The odds are more than two to one that people whose close relatives developed chronic severe unipolar depression when they were young will have it, too, according to results of a multicenter analysis of more than 600 people and their families.
Results of the study, published in the September issue of the American Journal of Psychiatry, with Johns Hopkins psychiatrist James B. Potash, M.D., as senior author, show that siblings, parents or children of people diagnosed with chronic major depression before the age of 31 have a 2.52-to-1 chance of also having the disorder. Moreover, first-degree relatives of patients diagnosed with chronic major depression before the age of 13 have a 6.17-to-1 chance of having it. “This chronic form of major depression can be uniquely disabling because of its persistence. Our finding that this aspect of the illness runs in families suggests the value of searching for contributory genes,” Potash says, although he cautions that the results also could point to environmental factors, such as loss of a parent at an early age or physical and sexual abuse.
In this study, Potash and his team looked at 638 men and women diagnosed with early-onset major depression and 2,176 of their first-degree family members. The subjects were drawn from the Genetics of Recurrent Early-onset Depression (GenRED) project, a multicenter study of patients enrolled between 1999 and 2003 by Hopkins and other researchers.
Analysis showed that the 226 people interviewed in GenRED who were diagnosed before the age of 31 with chronic major depression had 352 family members who also suffered from this form of disease (37.8%), whereas the remaining 412 had a total of 148 relatives with chronic depression (20.2%). A breakdown of these results showed that 58 people diagnosed before the age of 13 with chronic major depression had 44 family members who also had the disease (48.9%). The remaining 69 people diagnosed with major depression before age 13 had 17 relatives (15.9%) with chronic illness.
“We have known for a long time that major depression runs in families, but we are still working on determining whether certain subtypes of the illness do so more strongly than others,” says Potash. Our large study allows us the numbers to examine these questions in subgroups.”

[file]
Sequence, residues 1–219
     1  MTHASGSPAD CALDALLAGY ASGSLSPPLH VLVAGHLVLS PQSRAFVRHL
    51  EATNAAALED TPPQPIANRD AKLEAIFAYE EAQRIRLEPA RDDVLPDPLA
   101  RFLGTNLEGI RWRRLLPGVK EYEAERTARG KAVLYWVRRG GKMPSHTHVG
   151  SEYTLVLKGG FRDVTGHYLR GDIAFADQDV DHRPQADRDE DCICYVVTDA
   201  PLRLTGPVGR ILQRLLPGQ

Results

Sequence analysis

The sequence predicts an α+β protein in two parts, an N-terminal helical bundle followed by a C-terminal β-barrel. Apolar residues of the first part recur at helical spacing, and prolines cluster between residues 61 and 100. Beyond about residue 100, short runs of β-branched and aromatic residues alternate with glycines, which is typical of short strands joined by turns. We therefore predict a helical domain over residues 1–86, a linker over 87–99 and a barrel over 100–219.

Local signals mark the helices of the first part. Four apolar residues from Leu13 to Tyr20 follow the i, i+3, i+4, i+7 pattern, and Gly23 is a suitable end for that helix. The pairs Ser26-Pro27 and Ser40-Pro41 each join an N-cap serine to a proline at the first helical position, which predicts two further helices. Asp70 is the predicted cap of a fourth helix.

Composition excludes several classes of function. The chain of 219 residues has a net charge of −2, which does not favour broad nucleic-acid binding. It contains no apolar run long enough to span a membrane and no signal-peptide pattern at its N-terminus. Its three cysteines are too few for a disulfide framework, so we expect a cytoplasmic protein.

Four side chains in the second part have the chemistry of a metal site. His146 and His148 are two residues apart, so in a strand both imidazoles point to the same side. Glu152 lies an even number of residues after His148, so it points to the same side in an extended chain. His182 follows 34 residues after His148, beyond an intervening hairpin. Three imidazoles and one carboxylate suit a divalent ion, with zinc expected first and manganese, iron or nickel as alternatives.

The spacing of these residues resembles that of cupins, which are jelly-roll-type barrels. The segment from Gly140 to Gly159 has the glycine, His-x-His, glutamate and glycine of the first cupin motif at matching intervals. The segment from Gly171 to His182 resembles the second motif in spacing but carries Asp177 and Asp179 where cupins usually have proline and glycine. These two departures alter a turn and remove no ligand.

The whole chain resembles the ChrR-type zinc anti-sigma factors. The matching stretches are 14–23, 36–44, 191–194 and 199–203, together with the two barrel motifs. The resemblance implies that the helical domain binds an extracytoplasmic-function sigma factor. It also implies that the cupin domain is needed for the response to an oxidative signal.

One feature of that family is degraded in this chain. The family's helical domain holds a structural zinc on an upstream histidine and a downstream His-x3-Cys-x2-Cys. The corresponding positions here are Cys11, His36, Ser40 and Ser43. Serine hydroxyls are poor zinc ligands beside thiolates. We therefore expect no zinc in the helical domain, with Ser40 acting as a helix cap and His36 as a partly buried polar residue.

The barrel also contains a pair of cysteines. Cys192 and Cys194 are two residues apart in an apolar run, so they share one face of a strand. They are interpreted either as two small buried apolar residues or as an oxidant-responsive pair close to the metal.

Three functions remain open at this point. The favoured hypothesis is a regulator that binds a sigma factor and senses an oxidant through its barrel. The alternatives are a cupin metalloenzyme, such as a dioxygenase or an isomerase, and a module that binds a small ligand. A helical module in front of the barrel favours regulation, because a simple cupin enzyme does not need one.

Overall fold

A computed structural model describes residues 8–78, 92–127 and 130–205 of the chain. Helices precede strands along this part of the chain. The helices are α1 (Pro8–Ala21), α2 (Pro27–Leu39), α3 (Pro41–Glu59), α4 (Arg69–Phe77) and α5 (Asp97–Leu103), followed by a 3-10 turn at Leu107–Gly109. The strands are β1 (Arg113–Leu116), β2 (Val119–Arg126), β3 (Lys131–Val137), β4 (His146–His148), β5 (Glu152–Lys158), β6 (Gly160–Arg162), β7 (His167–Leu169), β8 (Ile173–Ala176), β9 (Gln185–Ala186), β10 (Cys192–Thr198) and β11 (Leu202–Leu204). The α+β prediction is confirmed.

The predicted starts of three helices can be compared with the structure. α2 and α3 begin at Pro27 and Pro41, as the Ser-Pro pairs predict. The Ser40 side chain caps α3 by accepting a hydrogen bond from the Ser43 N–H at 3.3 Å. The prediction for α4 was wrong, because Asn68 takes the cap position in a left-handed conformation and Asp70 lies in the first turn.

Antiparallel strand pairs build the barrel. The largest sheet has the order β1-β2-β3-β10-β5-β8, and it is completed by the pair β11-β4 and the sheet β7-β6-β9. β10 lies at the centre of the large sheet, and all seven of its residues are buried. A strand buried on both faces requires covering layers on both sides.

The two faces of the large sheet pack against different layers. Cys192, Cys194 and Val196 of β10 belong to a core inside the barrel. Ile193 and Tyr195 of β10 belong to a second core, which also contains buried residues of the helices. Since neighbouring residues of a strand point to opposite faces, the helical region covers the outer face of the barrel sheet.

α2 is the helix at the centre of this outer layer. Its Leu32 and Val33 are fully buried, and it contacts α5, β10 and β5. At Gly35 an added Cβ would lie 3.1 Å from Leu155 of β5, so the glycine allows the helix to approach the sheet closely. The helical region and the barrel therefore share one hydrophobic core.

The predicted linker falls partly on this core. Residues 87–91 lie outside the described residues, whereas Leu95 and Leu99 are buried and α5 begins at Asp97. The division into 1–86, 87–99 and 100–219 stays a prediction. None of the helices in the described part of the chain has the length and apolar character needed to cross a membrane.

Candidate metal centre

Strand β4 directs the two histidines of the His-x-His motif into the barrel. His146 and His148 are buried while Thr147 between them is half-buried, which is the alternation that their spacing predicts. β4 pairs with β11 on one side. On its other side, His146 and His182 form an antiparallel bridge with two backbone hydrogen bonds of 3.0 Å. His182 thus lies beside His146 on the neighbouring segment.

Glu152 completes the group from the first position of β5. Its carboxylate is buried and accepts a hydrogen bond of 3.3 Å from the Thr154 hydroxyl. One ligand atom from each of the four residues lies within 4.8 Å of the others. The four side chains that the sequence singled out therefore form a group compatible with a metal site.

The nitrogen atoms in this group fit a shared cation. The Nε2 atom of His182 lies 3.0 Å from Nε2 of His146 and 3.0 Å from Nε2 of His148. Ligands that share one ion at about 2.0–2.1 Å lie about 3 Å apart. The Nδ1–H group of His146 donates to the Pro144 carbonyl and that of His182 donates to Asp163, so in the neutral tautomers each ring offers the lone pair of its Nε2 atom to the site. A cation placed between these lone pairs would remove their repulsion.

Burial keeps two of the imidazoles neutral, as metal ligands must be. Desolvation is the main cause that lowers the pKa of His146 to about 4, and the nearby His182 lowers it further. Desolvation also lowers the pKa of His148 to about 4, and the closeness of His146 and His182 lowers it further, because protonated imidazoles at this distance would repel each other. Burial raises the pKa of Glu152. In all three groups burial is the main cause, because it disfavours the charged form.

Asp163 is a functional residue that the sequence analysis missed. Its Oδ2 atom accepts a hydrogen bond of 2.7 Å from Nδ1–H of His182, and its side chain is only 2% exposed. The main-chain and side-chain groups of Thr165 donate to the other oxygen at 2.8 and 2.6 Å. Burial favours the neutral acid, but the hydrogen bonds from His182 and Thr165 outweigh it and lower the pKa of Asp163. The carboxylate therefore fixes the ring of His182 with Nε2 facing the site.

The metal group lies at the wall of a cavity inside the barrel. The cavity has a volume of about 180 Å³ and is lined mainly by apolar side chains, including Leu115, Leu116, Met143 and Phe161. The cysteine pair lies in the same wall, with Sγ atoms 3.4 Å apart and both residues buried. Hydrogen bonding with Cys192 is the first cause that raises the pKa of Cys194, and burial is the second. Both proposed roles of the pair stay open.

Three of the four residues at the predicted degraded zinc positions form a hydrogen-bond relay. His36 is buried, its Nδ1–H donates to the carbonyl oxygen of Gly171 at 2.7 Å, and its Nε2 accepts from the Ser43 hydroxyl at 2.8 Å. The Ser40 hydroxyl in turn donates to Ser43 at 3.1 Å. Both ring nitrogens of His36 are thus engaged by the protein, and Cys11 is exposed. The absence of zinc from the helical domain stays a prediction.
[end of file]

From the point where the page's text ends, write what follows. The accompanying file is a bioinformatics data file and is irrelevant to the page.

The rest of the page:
Potash credits lead author Francis Mondimore, M.D., of the Department of Psychiatry at Hopkins, with observing that many of the study participants reported having been depressed “as long as [they] can remember.” This led Mondimore to focus on chronic — or persistent — depression over time. An estimated 30 percent of those with major depressive disorder have symptoms most or all of the time, with only incomplete remissions, over many years, according to Potash.
Mondimore says a similar technique, examining a subtype of illness, was used to discover a familial relationship in breast cancer in women — a finding that paved the way to discovering a link between the BRCA1 gene and that disease.
Data for the GenRED project and for first-degree relatives was gathered using the Diagnostic Interview for Genetic Studies (DIGS), an method that documents the onset and duration of mood episodes and the presence or absence of such symptoms as loss of interest or ability to enjoy life, feeling guilty or down, fatigue, lack of concentration, loss of appetite or weight, and thoughts of death.
Study subjects were recruited to GenRED by the University of Iowa College of Medicine, Rush University Medical College, Columbia University Medical Center, University of Pittsburgh Medical Center, University of Pennsylvania School of Medicine and The Johns Hopkins University School of Medicine.
Major depression and chronicity were diagnosed using the Diagnostic and Statistical Manual of Mental Disorders IV (DSM-IV) — a standard guide for the classification of mental illness. DSM-IV criteria for major depression include the presence of five or more depressive symptoms that have lasted for two or more weeks and that significantly impair the person’s life. In the current study, subjects had to have been diagnosed with major depression before the age of 31, have at least one sibling with major depression who was diagnosed before the age of 41, and have no history of schizophrenia or bipolar (manic-depressive) illness.
GenRED II, a larger study now under way at Hopkins and five other sites, is recruiting 2,700 people to identify genes for major depression. Data also is being collected on other potential contributing factors, such as early childhood trauma. J. Raymond DePaulo Jr., M.D., director of the Department of Psychiatry, is the Hopkins principal investigator.
Funding for the study was provided by the National Institute of Mental Health. Other researchers from the Johns Hopkins University School of Medicine who contributed to this study are DePaulo, Dean F. MacKinnon, M.D., of the Department of Psychiatry; and Peter P. Zandi, Ph.D., M.P.H., M.H., of Hopkins’ Bloomberg School of Public Health.
Additional researchers include Raymond P. Crowe, M.D., of the University of Iowa College of Medicine; William A. Scheftner, M.D., of Rush University Medical College; and Myrna M. Weissman, Ph.D., of Columbia University Medical Center.
From Johns Hopkins